Mothership's platform helps brick-and-mortar add deliveries.

Mothership's platform helps brick-and-mortar add deliveries.

It’s no secret that ecommerce surged in 2020 as Americans adapted to doing more working, eating and shopping from home.

According to the Census Bureau, ecommerce sales soared nearly 45% in the year’s second quarter, compared to the same period in 2019.

As online orders skyrocketed, brick-and-mortar businesses primarily accustomed to selling products in stores were forced to adjust, and West Adams-based company Mothership Technologies Inc. was on hand to move that process along.

The company is the developer of a freight logistics platform that streamlines the shipping process for businesses by tracking orders and automatically assigning deliveries to available drivers.

“Our technology is focused on automation to capacity allocation,” said Sales Director Dustin Teves. 

Using the platform, companies can track exactly where orders are at a given time without having to arrange pickups with drivers or negotiate prices on a case-by-case basis.

“They don’t have to go out and procure transportation costs, they don’t have to procure transportation partners, they don’t have to test the market to see who has what available,” Teves said. “All of that is done through our platform, which enables them to focus on what they do.”

Teves says Mothership has gained a host of new clients in the last year as companies weathered logistical challenges related to health restrictions, port backups and sudden spikes in demand for certain products (think hand sanitizer and toilet paper).

“We’ve actually brought in larger retailers essentially needing to pivot their business model,” Teves said. “In the retail space in general, it’s just more home delivery, and we can deliver a large appliance or a TV or any piece of furniture directly to someone’s doorstep at a fraction of the cost of what the traditional players in the market can do it for.”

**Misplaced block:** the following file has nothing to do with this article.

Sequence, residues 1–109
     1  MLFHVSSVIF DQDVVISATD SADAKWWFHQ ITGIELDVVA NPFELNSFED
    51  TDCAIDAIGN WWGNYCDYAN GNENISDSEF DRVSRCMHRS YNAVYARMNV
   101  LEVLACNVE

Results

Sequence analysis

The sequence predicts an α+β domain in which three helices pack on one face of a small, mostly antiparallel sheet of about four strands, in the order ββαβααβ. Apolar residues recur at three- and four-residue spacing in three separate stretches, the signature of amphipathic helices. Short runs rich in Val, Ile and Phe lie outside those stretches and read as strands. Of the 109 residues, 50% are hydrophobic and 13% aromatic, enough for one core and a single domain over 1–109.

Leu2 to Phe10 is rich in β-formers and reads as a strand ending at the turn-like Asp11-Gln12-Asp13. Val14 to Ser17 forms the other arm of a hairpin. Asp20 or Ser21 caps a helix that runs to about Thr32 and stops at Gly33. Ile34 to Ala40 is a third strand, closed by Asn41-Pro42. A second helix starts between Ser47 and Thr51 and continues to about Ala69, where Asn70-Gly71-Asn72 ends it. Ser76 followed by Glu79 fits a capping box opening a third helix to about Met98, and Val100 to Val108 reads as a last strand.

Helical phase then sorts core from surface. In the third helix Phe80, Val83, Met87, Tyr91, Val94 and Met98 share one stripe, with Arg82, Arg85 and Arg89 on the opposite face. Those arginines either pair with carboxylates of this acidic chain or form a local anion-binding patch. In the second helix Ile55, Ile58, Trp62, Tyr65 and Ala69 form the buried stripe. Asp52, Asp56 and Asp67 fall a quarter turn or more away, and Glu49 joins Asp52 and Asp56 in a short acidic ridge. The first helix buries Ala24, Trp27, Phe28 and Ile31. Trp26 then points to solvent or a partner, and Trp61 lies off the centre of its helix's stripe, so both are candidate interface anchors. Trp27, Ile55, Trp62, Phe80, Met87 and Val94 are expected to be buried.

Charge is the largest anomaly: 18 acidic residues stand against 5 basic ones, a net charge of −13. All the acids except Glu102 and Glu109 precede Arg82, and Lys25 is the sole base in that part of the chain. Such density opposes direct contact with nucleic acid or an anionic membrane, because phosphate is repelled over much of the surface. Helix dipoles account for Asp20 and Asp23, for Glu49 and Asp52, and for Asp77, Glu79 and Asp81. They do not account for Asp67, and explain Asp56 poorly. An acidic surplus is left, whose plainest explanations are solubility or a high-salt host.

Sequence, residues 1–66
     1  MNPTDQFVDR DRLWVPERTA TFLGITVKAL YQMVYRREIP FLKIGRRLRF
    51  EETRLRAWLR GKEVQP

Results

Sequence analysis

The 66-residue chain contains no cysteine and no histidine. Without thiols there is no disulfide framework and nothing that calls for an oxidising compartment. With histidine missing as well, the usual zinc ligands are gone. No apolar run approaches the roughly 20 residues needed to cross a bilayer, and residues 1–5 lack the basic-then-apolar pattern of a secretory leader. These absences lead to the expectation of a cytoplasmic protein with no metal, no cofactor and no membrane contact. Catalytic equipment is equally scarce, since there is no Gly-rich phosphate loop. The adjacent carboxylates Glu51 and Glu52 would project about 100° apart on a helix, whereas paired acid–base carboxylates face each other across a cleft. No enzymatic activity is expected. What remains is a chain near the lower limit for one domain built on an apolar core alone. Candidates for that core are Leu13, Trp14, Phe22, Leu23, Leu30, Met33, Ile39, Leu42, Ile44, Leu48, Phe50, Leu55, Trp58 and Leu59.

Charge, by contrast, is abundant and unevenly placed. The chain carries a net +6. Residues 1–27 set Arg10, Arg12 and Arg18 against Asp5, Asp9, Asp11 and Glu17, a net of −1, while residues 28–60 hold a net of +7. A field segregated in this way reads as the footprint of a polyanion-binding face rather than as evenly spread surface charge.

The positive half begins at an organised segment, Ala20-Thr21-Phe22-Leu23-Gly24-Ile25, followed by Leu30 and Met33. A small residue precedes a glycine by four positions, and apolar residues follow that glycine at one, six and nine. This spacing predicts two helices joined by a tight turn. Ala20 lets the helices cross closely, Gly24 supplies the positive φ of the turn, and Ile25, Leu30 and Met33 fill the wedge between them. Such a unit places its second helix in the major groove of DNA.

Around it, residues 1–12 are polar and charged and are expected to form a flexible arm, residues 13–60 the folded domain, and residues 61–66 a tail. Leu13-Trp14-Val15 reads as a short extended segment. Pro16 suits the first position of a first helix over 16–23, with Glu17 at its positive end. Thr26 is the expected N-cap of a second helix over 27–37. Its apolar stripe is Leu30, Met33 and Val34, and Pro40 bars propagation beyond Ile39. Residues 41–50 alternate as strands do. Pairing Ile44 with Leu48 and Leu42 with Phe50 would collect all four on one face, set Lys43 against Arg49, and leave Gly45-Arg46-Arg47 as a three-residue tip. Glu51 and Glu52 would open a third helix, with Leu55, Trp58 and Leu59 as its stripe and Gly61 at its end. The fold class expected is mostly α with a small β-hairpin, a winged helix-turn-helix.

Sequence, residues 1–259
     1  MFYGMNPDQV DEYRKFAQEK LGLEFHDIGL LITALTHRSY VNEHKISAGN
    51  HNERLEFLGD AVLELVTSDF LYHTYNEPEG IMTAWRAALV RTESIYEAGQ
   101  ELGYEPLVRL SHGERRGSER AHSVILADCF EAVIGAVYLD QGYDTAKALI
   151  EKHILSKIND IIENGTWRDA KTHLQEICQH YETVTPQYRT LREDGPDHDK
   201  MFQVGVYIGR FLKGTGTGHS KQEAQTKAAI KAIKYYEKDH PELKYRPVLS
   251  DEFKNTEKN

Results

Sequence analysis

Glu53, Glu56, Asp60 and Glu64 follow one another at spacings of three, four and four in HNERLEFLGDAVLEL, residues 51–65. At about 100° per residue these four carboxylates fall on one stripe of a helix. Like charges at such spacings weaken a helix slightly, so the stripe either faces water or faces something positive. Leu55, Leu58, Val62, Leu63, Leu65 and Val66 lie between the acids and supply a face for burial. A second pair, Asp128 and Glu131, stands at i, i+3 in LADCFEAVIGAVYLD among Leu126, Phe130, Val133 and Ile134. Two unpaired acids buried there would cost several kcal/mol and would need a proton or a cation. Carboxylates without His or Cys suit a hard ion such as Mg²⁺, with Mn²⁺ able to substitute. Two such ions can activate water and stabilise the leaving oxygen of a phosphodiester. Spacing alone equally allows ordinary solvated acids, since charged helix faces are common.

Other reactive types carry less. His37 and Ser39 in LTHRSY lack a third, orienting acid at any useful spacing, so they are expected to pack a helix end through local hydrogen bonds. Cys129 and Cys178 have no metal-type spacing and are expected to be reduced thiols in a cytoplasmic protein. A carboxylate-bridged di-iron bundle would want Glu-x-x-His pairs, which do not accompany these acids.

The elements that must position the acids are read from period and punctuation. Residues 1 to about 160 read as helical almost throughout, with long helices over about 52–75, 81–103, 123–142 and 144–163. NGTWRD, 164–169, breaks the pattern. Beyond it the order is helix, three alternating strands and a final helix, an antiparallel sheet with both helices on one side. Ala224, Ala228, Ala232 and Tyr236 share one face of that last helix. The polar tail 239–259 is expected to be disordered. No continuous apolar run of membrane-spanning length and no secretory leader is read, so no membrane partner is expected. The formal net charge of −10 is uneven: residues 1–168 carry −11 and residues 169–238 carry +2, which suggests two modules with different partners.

According to the company, which does business in 10 major cities including Los Angeles, clients include Staples Inc., Happy Returns Inc. and Santa Monica-based electric scooter company Bird Rides Inc.

Even before the Covid-19 pandemic, Mothership had the attention of investors. The company raised $16 million in a 2019 Series A funding round which gave it a post-money valuation of $64 million, according to PitchBook Data Inc.

Mothership was founded in 2017 by Aaron Peck and Gregg Luskin, who previously worked together at rental car delivery startup Skurt Rentals Inc. (acquired by Fair Financial Corp. in 2018). Mothership was originally called Bolt, but rebranded in 2019.

In public statements, Peck has emphasized the company’s ability to ramp up its operations in order to meet rising demand from shippers.

“At scale, we’ll be a company worth $100 billion, and what you do with the leftover efficiency is you pass on savings to the customer and pay more to the partner carriers,” he proclaimed in a 2019 statement.

Teves explains that the company is able to adjust to varying levels of demand for its services by hiring drivers by the job in a model similar to that employed by ride-hailing companies like Uber Technologies Inc. and Lyft Inc.

“Transportation is very volatile,” he said. “What we do is we build networks where we have the driver base waiting and available should we have an influx of demand.”

Teves says the company also works with local delivery and shipping companies in order to respond to the needs of clients — and consumers — as quickly as possible.

“Everybody wants things on demand,” he said. “Our technology allows us to do a ton without manually interfering. There are always things that are going to be challenging, but our technology allows us to scale up very quickly.”

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